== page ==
Grossly angulated fractures also allow sharp ends of bone to project against the skin surface. Even with careful padding, jostling along during an evacuation may cause one of these bone spicules to penetrate the skin surface, causing an open fracture and increasing the chance of serious wound and bone infection. The chance of causing harm while straightening an angulated fracture would be extremely low. It is possible for a blood vessel or nerve to become trapped within the fracture site, but gentle repositioning into slight deformity should correct this. Pad splints well to prevent skin damage. Pneumatic splints are available from many outfitters. Fracture splinting is generally well covered in first aid courses. Such a course should be taken before any major expedition into the bush. Improvisation is the name of the game in fracture immobilization, and having an adequate first aid course provides one with information upon which to improvise. In general, splint fractures to immobilize the joint above and below the fracture site. Any wound in the skin near a broken bone increases the chance of a bone infection. Follow the principles of thorough wound cleansing as indicated on page 122. With proper splinting, the pain involved with a fracture will decrease dramatically. Provide pain medication when possible. Pain control is discussed on page 31. The Rx Atarax can be given to aid in muscle spasm control. Mild sedation with diphenhydramine (Benadryl) may help its sedating effects. At times there will be uncertainty about whether a fracture exists. When in doubt, splint and treat for pain, avoiding use of the involved part. Within a few days the pain will have diminished and the crisis | may be over. If not, the suspicion of a fracture will loom even larger. OPEN FRACTURE Even a laceration or puncture wound near a broken bone is a cause for alarm. Such a wound can allow bacteria into the fracture site, causing a serious bone infection. This wound requires aggressive cleansing, as indicated on page 123. The wound should not be closed, as this increases the chance of infection. Wet dressings are best over an open wound. Soak the sterile dressing in sterile water, and cover with a clean, dry dressing. Change this dressing twice daily. If a piece of bone is protruding from the skin, the break is called an open fracture. The first aid approach is to splint in position and cover with a sterile dressing. In a remote area this approach will not work. This wound requires aggressive irrigation with surgical scrub or soap as described on page 124. The aggressiveness of this cleansing action should be done in such a manner as not to cause further damage, but the area must be free of foreign particulate matter and as antiseptic as possible. Cover the wound with triple antibiotic ointment. Protect with sterile gauze dressings, with only enough pressure to control bleeding. Straighten the gross angulation of the fracture with gentle in-line traction (see figure 7-1). This will cause the protruding bone to disappear under the skin surface, unless the fragment is loose from the main bone; allow this wound to remain open and dress as indicated above. In all cases of a laceration or puncture wound near a fracture, place the victim on oral antibiotics when available. From the Rx Oral/ Topical Medication Module, use Levaquin, 500 mg daily. However, if the Rx Injectable Medication Module is carried, give Rocephin, 500 mg IM twice daily. Continue the medication until the patient is evacuated or the medication runs out. DIAGNOSIS AND CARE PROTOCOLS The diagnosis of these injuries will be difficult due to lack of experience or the benefit of X-ray equipment. Uncertainties of diagnosis will exist, and therefore a systematic approach to the evaluation and treatment of the injured patient has to be developed that will handle most common injuries appropriately. The orthopedic evaluation is made easier because human beings have equal sides that can be compared. Take the clothing off both the injured and normal sides and compare, weather permitting. Look for swelling or different configuration. When examining the injured side, touch lightly. A fracture or sprain is very tender and will not require hard poking to elicit obvious pain. Swelling results from localized bleeding, which a fracture will almost always cause. Several days after the injury, a bruise may appear near it or lower on the person. Gravity, as well as various muscle groups and local anatomy, can cause this spilled blood to migrate to a place at a different location from the injury site. This does not mean that the injury is spreading; it just represents the displacement of blood and part of the reabsorption process of healing. Don't be concerned about the appearance of bruising and its spread in the days after the injury.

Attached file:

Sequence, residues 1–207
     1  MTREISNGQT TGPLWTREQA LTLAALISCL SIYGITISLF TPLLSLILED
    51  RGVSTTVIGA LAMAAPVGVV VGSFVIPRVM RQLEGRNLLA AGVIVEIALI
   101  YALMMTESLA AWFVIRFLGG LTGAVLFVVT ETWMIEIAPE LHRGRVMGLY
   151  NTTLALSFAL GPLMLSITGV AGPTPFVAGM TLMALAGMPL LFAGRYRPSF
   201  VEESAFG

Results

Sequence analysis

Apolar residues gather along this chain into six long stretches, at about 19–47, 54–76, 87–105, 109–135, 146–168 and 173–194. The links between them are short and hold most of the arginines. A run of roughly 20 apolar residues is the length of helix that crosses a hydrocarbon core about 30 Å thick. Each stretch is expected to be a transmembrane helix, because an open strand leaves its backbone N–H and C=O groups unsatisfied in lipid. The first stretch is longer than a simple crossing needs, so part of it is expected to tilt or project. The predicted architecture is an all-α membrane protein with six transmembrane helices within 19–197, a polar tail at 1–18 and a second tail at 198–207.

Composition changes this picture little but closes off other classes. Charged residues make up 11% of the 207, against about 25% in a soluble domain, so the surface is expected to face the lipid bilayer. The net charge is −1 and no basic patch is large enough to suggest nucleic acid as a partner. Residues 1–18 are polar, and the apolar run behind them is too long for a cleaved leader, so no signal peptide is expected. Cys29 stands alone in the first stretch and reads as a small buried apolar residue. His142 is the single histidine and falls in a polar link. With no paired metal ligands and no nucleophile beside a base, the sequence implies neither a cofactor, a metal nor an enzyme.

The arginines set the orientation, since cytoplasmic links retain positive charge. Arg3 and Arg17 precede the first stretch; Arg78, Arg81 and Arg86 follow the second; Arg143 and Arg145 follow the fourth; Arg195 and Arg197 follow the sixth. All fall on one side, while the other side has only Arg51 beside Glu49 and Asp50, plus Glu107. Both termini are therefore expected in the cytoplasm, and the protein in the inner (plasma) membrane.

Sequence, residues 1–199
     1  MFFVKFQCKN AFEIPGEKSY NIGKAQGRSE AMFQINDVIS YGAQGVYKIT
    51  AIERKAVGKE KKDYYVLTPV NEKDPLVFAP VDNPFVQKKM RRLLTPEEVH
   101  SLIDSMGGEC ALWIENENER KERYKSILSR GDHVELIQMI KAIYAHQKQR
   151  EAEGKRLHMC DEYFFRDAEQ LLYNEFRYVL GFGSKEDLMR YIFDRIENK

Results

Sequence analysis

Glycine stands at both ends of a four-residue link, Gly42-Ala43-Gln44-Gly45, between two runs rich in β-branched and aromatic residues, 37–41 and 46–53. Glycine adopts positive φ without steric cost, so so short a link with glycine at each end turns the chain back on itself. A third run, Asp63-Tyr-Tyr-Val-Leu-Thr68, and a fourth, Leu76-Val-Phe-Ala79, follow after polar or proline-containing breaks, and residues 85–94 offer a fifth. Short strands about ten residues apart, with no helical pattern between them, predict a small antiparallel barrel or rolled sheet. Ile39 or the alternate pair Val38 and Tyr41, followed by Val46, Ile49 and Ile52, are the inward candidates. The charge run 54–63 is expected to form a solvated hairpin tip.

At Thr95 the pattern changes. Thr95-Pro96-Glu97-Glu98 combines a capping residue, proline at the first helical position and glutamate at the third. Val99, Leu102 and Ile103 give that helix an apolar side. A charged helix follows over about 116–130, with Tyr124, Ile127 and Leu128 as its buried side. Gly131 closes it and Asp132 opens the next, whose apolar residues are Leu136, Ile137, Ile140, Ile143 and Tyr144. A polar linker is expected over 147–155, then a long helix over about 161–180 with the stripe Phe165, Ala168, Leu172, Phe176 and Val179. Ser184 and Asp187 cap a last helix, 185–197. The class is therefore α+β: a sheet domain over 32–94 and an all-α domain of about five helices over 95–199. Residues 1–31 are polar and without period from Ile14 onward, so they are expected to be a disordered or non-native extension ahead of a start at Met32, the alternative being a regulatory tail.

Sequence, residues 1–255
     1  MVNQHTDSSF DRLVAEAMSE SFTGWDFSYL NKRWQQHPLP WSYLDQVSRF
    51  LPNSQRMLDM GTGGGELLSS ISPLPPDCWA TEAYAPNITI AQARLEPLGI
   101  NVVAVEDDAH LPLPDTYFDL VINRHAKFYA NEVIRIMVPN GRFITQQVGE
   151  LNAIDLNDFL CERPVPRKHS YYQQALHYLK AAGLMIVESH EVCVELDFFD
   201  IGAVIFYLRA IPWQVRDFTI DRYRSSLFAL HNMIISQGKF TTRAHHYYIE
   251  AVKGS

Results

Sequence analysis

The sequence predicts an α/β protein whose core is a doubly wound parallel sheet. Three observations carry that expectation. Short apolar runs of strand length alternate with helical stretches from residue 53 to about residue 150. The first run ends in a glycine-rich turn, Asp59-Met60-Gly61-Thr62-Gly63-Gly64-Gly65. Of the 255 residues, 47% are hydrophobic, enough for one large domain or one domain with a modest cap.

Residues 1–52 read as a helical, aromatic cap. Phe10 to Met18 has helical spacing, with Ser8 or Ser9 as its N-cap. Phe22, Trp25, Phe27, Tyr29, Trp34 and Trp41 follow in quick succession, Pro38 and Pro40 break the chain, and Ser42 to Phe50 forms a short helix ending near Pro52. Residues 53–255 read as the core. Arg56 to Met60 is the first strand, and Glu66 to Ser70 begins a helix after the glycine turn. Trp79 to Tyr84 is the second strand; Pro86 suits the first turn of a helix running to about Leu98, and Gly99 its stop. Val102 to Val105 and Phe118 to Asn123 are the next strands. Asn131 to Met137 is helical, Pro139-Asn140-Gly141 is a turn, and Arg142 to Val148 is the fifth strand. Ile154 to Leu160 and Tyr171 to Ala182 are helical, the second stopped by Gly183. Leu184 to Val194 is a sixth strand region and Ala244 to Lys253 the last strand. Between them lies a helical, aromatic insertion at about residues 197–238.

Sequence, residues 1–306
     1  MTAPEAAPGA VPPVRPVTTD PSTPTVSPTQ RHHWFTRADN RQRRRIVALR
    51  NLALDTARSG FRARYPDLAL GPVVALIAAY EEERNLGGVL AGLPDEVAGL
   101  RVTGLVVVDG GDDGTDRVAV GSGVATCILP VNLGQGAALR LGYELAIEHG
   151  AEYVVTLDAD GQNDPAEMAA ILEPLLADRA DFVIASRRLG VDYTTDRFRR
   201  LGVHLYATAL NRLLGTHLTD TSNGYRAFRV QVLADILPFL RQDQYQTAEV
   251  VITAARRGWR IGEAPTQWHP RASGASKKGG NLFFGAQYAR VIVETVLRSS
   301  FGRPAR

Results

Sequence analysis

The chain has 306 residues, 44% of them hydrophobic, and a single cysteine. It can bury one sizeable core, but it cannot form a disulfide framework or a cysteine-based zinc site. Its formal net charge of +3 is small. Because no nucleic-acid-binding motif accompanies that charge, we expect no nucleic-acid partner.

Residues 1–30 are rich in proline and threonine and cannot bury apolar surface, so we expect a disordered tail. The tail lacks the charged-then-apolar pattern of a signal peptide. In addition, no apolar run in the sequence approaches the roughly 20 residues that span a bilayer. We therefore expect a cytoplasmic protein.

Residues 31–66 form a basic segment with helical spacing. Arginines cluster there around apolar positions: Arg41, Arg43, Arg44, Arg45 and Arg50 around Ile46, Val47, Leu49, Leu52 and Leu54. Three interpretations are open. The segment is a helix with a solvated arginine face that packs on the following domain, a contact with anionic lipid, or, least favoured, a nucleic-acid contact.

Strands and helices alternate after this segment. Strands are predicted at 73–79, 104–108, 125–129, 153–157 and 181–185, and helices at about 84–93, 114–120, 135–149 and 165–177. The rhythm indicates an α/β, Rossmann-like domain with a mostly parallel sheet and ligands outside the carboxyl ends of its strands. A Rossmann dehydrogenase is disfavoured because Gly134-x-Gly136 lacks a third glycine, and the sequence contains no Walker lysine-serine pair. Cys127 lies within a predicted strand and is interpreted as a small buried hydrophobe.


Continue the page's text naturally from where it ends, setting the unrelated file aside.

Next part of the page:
Next week's Orthopedic post will focus on specific treatment for various fractures beginning with the head, neck and spine.